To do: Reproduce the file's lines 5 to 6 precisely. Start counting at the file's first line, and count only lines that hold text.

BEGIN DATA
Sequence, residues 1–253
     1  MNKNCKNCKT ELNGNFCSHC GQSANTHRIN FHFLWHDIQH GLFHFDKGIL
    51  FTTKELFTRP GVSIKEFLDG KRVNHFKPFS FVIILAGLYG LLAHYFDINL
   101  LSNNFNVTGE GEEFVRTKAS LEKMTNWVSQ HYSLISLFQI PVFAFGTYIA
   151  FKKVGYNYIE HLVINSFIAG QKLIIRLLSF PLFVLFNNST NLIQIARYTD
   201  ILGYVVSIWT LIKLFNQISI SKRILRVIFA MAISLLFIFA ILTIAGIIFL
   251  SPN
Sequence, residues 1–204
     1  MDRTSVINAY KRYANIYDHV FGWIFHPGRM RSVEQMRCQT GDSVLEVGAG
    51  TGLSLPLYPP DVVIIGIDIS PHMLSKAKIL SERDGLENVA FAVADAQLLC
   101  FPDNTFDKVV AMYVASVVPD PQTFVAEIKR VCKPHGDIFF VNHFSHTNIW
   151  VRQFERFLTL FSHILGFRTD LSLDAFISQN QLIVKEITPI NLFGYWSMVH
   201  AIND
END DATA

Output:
   151  FKKVGYNYIE HLVINSFIAG QKLIIRLLSF PLFVLFNNST NLIQIARYTD
   201  ILGYVVSIWT LIKLFNQISI SKRILRVIFA MAISLLFIFA ILTIAGIIFL